04 SES 17 B, Forced Migration and Inclusive Education: European perspectives on including forced migrants into teacher training, (non-)formal schooling and work Part 3
Symposium continued from 04 SES 16 B
In accordance with the conference’s topic - the interplay of exclusion and inclusion - the papers presented in the symposia highlight the diverse and nation-specific approaches of host countries to provide educational services to recently arrived (forced) migrants. State parties succeed to different extents and in different ways by implementing or adapting national regulations and offering varied responses to the educational needs of large numbers of migrants arriving with varied backgrounds. At one extreme, we witness the legal cementation of a monolingual habitus that sees newly arrived migrants gaining levels of language proficiency before entering mainstream education. At another extreme, highly-skilled professionals, arriving from third world countries, are included within European schools to close provision gaps in educational facilities. This diversity in the appreciation and acknowledgement of the skills and of the psychological needs of migrants deserves critical attention and professional assessment.
The symposia span perspectives from the far North (Norway) across Europe to Iceland, the UK, Italy, Switzerland, Germany, Austria, and Serbia on the intersection of forced migration and education. Along with the geographic diversity represented by the presenters, the research disseminated in the symposia illuminates a wide range of experiences of migration, inclusion and exclusion, which incorporates the lives of pupils and (unaccompanied) young people as well as their parents, peers, and (virtual) communities and teacher trainees, teachers and their trainers. Educational service provision will be highlighted throughout the life span of forced migrants, from first experiences of schooling to university life, including lifelong learning and (further) training. Contributions point to good practices and blind spots in legal, structural, and policy-related practices. The importance of enabling recently arrived migrants to realise their full potential and of guaranteeing access to education entail a view of responsibility for educational and social inclusion that incorporates the intersecting work of educators, politicians, social workers, researchers, along with many other professionals.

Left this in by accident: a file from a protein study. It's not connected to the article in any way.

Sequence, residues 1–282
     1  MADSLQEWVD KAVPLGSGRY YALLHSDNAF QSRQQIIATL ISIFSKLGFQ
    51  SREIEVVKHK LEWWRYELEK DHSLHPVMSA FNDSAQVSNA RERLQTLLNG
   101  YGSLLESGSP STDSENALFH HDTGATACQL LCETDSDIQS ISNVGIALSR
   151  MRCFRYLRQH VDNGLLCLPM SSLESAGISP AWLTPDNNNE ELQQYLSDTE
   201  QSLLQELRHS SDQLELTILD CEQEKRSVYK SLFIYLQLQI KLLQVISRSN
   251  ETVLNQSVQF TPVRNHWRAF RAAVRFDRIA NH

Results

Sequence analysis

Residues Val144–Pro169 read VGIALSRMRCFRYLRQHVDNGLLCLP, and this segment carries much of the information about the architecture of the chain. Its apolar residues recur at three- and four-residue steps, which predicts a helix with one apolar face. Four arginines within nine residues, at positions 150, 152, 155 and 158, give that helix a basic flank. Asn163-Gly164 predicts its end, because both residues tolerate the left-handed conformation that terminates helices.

The large number of contributions in the symposia alone points to the importance of the issues the symposia address, and the organizers hope to generate critical discussion, innovative thinking that will extend and deepen collaboration among the network in order to raise awareness and impact upon educational policy and practice.
Chadderton, C., & Edmonds, C. (2015). Refugees and access to vocational education and training across Europe: a case of protection of white privilege?. Journal of Vocational Education & Training, 67(2), 136-152. European Commission (n.d.). Education and migrants. https://ec.europa.eu/education/policy/migration_en Fiddian-Qasmiyeh, E., Loescher, G., Long, K., & Sigona, N. (Eds.). (2014). The Oxford handbook of refugee and forced migration studies. OUP Oxford. Pinson, H and Arnot, M. 2007. Sociology of Education and the Wasteland of Refugee Education Research. British Journal of Sociology of Education, 28(3),399-407. Pinson, H. and Arnot, M. 2010. Local conceptualisations of the education of asylum‐seeking and refugee students: from hostile to holistic models, International Journal of Inclusive Education, 14(3), 247-267. Phillimore, J. 2011. Monitoring for equality? Asylum seekers and refugees’ retention and achievement in English for Speakers of Other Languages (ESOL), International Journal of Inclusive Education, (15)3, 317-329.
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